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What a 'Water Conservation Ordinance' Citation Looks Like & How it Works

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Download a high res version of this citation here (.pdf) | Courtesy of LADWP

Download a high res version of this citation here (.pdf) | Courtesy of LADWP
Here's what a citation from the Los Angeles Department of Water & Power looks like. Luckily, if its your first time, there's no monetary punishment, just a conversation with a conservation team member, which could be its own sort of punishment depending on who you are. If they visit you again, you're looking at $100 or more.

But what happens when joe citizen reports their neighbor? We noticed someone's sprinklers on yesterday so we gave it a try. This particular case presented two problems. One; it was a Sunday and water sprinklers are verboten except for Mondays and Thursdays and two; the sprinkler was concentrating on the sidewalk (very bad, very annoying).

We called 3-1-1, who connected us to DWP, who took the information down. The operator told us the homeowner would get a citation, but an official with DWP told us that was incorrect of her to say.

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What will actually happen is that a water conservation team member will take the tip and do a field visit as they are the only people authorized to cite, which can come only after the team member witnesses a violation so timing and luck is of the essence here. Upon their first visit, they will try to make contact with the homeowner to educate them and if no one is home, they will leave printed materials behind explaining why water conservation is needed.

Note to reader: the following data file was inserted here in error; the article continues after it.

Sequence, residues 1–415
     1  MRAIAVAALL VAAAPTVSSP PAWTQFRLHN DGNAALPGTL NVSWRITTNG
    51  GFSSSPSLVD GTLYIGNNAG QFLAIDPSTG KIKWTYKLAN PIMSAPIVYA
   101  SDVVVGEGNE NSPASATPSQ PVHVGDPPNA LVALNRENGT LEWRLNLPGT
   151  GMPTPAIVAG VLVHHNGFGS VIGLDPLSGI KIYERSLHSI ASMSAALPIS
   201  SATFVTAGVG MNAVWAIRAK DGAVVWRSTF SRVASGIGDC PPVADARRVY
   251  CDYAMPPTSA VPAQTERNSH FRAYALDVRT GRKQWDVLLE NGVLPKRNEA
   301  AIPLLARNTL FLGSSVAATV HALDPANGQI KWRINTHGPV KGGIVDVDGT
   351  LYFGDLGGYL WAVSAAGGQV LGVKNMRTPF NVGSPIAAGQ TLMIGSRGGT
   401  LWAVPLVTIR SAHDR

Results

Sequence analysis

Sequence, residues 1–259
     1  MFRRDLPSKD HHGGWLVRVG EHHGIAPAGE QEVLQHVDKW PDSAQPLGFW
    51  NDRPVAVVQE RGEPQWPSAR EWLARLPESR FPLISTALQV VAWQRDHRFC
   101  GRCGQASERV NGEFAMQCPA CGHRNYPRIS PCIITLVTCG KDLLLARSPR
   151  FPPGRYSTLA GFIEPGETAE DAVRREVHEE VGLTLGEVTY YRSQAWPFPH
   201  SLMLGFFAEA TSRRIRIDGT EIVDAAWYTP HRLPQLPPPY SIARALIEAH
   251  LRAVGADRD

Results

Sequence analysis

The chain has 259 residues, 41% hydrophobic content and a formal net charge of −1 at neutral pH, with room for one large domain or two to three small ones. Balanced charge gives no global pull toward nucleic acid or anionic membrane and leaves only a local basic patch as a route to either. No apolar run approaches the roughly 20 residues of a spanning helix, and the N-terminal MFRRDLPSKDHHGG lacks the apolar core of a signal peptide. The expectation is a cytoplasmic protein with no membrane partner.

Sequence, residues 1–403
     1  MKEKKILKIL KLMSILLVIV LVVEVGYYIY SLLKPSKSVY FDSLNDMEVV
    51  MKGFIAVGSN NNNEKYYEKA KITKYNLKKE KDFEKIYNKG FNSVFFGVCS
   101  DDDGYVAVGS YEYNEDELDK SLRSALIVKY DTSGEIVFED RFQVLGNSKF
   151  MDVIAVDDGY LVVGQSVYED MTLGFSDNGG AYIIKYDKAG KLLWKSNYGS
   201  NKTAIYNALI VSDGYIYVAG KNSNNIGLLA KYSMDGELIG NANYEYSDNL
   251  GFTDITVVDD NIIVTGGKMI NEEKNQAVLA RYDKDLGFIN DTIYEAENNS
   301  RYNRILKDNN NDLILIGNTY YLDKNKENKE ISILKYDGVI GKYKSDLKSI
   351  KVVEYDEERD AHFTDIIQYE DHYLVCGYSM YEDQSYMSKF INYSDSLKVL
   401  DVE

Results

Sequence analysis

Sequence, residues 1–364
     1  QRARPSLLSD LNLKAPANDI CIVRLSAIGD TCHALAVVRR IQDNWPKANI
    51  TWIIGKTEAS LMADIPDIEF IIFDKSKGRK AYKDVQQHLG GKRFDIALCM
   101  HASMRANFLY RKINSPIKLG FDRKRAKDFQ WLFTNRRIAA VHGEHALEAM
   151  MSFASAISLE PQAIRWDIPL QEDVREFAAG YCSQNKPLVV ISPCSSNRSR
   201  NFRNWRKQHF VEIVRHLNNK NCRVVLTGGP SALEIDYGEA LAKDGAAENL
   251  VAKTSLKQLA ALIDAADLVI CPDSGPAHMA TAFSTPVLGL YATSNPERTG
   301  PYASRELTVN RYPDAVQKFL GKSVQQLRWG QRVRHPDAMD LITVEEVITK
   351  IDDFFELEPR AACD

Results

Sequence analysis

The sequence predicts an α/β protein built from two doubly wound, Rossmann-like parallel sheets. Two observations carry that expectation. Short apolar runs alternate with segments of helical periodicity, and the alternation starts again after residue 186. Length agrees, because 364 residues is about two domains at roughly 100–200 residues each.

Will this work? We think the one-on-one relationship building can be a good thing with successful results if the team member is nice person. But if there are too many violations being reported around the city, staffing may not be adequate and results negligible. It's been a touchy subject for some in past comment sections, what do you think?